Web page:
I also just plain miss him.
One thing I hope I always remember going forward, when I think about other deployed families is from my post, Thoughts From a Waiting Warrior:
Don't forget about us.
Deployments don't get easier, no matter how many times we've been through it or how capable we may seem.
I always get a little contemplative as the end of deployment nears.
I was telling a friend recently that I wasn't really sure what the lesson was that I was supposed to get over this past year. There had to be something. Surely God was trying to teach me something. I don't believe hardship is ever wasted. At that moment, I couldn't understand any of it (not just another deployment, but ongoing health issues, the unexpected death of a dear friend over the past months).
It may sound simple, but I do believe it is this: treasuring every moment. There is never a guarantee of another single day. Live each day the best you can and squeeze all the life out of it that you can get. Don't take your loved ones for granted. Love them. Thank God for all the blessings, big and small.
When I look back over this year, I know it was a time of stretching...painful growth in many ways, unexpected ways. But there were also unexpected blessings...sometimes the people you think will check on you are not the ones who do so. But on the flip side, others come out of the woodwork to lend a hand and or say a kind word. "There is no desolation without some consolation."
There's loads more. I haven't even touched on the long nights, the sheer terror at seeing certain news, the days you'd rather stay in bed than face life...and sometimes do.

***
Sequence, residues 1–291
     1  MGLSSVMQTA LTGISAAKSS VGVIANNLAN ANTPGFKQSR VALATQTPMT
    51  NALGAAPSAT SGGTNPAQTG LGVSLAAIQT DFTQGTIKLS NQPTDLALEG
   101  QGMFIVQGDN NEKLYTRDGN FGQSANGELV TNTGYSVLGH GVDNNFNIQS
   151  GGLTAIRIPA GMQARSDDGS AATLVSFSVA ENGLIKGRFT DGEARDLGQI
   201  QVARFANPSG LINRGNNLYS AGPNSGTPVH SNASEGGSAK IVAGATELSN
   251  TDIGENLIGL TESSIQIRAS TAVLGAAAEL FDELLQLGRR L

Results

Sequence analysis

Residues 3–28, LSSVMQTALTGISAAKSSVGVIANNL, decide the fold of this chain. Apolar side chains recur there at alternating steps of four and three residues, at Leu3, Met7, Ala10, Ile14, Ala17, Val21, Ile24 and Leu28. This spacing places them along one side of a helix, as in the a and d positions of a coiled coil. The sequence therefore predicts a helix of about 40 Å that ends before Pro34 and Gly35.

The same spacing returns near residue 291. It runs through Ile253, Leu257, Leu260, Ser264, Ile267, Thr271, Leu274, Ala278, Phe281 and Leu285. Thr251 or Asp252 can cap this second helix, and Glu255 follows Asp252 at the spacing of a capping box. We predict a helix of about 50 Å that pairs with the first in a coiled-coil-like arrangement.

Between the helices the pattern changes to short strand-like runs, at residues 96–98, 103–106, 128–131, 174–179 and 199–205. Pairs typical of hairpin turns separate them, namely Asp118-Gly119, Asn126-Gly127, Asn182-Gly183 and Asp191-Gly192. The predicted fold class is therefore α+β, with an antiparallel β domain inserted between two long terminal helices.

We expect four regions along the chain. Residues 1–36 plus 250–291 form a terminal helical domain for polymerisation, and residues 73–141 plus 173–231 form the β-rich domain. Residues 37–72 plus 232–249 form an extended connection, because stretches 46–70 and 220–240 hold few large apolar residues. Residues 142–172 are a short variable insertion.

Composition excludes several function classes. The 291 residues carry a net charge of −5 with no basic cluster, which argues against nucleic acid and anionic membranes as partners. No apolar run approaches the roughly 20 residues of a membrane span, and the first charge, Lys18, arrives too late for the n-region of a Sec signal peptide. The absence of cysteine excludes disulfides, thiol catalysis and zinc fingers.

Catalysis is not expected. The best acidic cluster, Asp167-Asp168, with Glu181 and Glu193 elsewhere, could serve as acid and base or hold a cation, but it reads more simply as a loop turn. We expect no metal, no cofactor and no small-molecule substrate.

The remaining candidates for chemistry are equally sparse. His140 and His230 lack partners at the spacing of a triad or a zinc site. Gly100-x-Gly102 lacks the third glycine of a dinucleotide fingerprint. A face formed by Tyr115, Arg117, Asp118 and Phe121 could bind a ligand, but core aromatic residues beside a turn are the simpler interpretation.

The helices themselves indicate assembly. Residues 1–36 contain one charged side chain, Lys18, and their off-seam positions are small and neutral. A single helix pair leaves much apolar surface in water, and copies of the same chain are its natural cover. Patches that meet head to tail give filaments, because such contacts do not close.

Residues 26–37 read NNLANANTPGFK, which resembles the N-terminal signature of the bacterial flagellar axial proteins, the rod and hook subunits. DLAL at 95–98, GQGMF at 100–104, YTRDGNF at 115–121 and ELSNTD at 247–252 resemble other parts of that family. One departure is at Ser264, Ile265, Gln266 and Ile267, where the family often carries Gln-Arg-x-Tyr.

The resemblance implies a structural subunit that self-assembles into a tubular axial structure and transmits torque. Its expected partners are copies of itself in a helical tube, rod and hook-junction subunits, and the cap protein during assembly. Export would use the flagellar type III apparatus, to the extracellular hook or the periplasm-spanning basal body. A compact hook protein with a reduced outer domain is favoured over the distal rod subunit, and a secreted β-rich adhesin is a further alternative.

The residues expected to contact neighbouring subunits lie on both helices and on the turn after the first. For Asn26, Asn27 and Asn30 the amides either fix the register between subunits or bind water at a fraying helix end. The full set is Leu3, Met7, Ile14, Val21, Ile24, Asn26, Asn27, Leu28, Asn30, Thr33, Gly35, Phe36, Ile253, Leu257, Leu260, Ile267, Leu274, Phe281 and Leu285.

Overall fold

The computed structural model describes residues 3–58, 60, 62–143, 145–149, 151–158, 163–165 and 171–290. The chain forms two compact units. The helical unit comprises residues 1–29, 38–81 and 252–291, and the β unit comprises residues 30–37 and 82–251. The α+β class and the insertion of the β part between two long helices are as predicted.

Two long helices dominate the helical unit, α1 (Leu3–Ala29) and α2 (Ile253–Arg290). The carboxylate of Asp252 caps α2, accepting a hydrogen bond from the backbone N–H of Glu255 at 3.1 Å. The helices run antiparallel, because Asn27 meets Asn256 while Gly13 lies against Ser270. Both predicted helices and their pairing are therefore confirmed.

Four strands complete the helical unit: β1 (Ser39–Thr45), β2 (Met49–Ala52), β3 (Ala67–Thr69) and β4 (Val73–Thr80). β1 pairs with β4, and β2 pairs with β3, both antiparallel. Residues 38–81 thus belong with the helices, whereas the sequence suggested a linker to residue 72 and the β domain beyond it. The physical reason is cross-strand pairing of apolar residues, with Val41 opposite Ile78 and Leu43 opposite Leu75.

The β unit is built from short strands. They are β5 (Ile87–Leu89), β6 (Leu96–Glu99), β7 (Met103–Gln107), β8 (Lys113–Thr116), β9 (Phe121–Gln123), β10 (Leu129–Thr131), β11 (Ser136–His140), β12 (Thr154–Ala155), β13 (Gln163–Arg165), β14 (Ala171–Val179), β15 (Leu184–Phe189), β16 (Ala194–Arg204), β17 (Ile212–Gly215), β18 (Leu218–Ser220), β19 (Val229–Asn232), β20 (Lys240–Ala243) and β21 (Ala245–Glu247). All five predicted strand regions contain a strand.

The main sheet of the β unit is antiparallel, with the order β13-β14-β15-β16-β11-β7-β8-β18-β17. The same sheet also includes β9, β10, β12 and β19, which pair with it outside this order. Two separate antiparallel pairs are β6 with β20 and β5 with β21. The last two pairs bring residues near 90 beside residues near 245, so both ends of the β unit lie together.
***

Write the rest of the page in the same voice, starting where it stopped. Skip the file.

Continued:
Have you journaled during deployment? For me, looking back over those feelings reminds me how God saw us through it all.
I found, like I did as a child desperately trying to fall sleep, that willing myself to ‘just be ok with it’ never worked. Sleep eventually came back then, and so too will the end of deployment. I had to learn to walk through the dark days, the hopeful days, the endless days, the days when I came to the end of myself and didn’t feel like I could go on, all of it.
Do you feel like no one understands how you feel right now? Do you feel raw, lost, or even just numb? Are you wondering how you’re going to get through the coming days?
While a portion of my book is dedicated to deployment, I’ve also created a free downloadable 5-day deployment devotional (scroll down) that I hope you’ll download and use. Over the coming months, I plan to add to it, as well as other short devotionals for other aspects of military life.
In the meantime, hang in there. You’re in my thoughts and prayers.